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Kate Middleton Is the Latest Victim of Harmful 'Bump Shaming'

The Internet is 'bump shaming' Kate Middleton, and it needs to stop.

 

kate middleton
Photo Credit: Instagram: @kensingtonroyal

As the Duchess of Cambridge, Kate Middleton lives her life with style and grace. And being a mother to Prince George and Princess Charlotte hasn’t done much to change that. So when news broke that Kate and husband Will had another pink-cheeked royal baby on the way, people got excited.

As with her last two pregnancies, the Duchess was diagnosed this time around with hyperemesis gravidarum, an extreme form of morning sickness that causes severe nausea, vomiting, loss of appetite, and fatigue. Symptoms such as these have kept Kate largely out of the public eye for the early part of her pregnancy. But in early October, she made her first public appearance since August, attending an event honoring mental health workers for World Mental Health Day at Buckingham Palace.

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As always, eagle-eyed Kate fans were eager to check out her bump.

Despite her illness, Kate shimmered in a sophisticated lace blue dress, which showed a hint of pregnancy stomach. But for some, the bump was simply not enough.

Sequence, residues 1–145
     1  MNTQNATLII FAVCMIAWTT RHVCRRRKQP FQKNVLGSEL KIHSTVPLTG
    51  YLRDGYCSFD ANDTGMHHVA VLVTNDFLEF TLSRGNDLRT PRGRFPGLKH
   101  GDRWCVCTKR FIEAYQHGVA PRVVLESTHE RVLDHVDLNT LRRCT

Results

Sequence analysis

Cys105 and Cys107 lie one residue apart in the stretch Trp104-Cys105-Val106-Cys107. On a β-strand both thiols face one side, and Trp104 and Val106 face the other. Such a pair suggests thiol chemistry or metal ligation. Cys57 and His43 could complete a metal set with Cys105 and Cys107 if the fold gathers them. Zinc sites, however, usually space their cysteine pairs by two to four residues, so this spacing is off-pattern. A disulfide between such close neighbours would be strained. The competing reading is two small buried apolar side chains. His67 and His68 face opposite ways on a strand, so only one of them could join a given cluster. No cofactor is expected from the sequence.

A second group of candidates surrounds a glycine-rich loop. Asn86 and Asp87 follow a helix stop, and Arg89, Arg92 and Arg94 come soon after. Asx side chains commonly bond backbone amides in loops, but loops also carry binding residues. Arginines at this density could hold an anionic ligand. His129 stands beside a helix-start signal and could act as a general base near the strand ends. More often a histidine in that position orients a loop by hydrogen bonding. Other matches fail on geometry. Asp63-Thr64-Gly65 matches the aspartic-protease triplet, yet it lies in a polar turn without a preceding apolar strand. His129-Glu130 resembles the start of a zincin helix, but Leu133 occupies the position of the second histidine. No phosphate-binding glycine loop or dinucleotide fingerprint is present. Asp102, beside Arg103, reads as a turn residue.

Several commenters on Twitter and Instagram declared that Kate was looking “not pregnant enough,” regardless of her body build, or even how far along she is. (The pregnancy was only announced in September, and she is due in April.)

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Others labeled Kate “anorexic” and suggested that she looked too malnourished to grow a healthy baby.

“[It] is physically impossible to grow a healthy baby and be as malnourished as she is,” wrote one user on Instagram. “Kate Middleton & I both have a baby bump,” tweeted another, “Mine is from Tacos.”

Ironically, the Duchess was attending an event to promote mental health awareness when people took aim at her on social media.

Depression is a major—if underreported—facet of pregnancy, with between 14 and 23 percent of pregnant women experiencing some form of it, according to The American Congress of Obstetricians and Gynecologists (ACOG).

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Many women feel too ashamed to seek help during what is meant to be a joyous time. Crippling them with pointed or nasty comments about the size of their bellies—or any other facet of their bodies or pregnancies—is wrong, at best, and dangerous, at worst.

Let’s do better, Internet. And Kate, keep going and growing at your own rate, as all healthy pregnant women should!

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